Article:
In the public policy arena, Queensbury’s rules no longer apply


Alan Fowler


Alan Fowler

Alan Fowler

The recent article on the ‘bare-knuckle’ philanthropy of the Koch brothers (Alliance Extra, 1 August) reaffirms what Moving a Public Policy – a 1997 study by Sally Covington of 12 conservative US foundations, including Koch – found in terms of making a significant policy impact. While perhaps more subtle than today’s bare-knuckle approach, a dedication to defeat ‘big government liberalism’ relied on a sophisticated strategy aimed at the production and marketing of ideas through long-term financing of conservative think tanks, allied to effective media outreach and public policy training programmes. One can speculate that this concerted effort is why, for many years, the language of ‘solidarity’ has seldom featured in America’s mainstream political lexicon.

The National Committee for Responsive Philanthropy, which published the 1997 study, drew the following general lessons for grantmakers seeking to influence policy trends: 1) Understand the importance of ideology and overarching frameworks; 2) Help to build strong institutions by providing ample general operating support; 3) Maintain a national policy focus and concentrate resources; 4) Recognize the importance of media, marketing and persuasive communications; 5) Create and cultivate public intellectuals and policy leaders; 6) Support multiple social change strategies including advocacy, leadership development and constituency mobilization; and 7) Take a long-haul approach.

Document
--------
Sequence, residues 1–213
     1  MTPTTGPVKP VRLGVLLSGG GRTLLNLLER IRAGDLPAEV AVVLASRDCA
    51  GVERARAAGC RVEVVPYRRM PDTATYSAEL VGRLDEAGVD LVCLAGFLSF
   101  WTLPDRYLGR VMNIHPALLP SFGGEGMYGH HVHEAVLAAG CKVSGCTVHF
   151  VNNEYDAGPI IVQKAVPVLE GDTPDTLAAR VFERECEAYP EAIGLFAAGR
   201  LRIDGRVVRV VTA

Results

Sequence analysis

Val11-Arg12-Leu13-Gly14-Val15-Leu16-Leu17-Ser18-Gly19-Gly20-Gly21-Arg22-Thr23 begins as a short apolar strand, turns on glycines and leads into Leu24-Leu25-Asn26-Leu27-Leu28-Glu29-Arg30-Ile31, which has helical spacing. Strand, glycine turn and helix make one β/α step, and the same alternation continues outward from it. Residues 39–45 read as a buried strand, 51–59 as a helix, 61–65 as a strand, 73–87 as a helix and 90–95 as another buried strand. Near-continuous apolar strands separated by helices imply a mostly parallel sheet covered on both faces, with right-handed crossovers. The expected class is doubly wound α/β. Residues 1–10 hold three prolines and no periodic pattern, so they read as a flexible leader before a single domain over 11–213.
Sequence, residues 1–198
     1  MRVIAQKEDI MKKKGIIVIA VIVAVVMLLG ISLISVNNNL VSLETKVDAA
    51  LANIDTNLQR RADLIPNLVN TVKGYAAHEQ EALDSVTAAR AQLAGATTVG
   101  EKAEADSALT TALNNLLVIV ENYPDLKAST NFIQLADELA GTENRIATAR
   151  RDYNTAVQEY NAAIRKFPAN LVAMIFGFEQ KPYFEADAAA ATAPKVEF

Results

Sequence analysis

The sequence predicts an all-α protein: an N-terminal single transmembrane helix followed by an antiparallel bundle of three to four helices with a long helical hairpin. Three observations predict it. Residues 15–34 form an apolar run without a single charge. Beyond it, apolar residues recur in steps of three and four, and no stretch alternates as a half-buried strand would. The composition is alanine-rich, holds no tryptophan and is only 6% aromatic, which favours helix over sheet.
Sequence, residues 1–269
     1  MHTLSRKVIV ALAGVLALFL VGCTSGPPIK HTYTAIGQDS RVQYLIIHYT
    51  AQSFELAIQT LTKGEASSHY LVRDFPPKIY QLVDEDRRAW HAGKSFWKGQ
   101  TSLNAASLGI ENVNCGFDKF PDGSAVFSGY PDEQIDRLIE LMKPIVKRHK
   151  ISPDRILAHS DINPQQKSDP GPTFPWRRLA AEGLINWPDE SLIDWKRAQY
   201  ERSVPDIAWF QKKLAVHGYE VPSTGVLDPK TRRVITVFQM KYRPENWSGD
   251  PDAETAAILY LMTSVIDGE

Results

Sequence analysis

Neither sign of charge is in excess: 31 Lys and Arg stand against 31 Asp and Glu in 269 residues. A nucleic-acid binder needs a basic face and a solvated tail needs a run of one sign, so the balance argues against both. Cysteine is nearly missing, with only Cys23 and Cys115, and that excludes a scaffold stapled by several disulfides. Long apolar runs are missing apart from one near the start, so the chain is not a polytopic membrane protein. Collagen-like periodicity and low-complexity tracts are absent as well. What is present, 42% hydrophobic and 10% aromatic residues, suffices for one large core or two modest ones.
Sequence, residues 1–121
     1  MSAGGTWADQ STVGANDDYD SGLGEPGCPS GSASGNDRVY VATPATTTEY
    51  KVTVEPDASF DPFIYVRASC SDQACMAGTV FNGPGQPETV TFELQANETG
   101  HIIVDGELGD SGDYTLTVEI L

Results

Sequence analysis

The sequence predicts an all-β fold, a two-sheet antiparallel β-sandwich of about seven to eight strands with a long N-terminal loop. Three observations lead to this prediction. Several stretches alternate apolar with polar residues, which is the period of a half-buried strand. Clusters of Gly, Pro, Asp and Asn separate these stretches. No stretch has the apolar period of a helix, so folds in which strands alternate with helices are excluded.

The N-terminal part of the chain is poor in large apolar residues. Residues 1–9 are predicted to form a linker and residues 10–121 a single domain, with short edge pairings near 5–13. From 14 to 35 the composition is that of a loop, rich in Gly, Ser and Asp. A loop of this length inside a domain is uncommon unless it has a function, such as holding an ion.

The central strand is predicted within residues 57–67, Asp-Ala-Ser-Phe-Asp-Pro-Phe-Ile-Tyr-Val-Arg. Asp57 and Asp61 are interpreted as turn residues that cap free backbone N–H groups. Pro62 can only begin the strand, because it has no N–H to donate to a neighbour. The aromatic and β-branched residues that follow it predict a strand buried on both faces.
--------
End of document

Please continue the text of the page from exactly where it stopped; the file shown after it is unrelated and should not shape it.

Her conclusion (p49): ‘… it is the combination of all seven that has made conservative philanthropy especially consequential. The demonstrated willingness of these foundations to act in such political and strategic terms serves as a sharp reminder of how much can be accomplished given clarity of vision and steadiness of purpose.’

If an increasingly polarized American politics and public policy arena are anything to go by, some 16 years later this original recipe is still proving its worth. One should not be surprised that its ideological co-founders are emboldened to take the gloves off. Philanthropists, please take note. To the extent that they ever did, Queensbury’s rules no longer apply to fights over public policy.

Alan Fowler is Emeritus Professor, International Institute of Social Studies, Erasmus University.

Tagged in: Conservative philanthropy influence Koch brothers think-tanks

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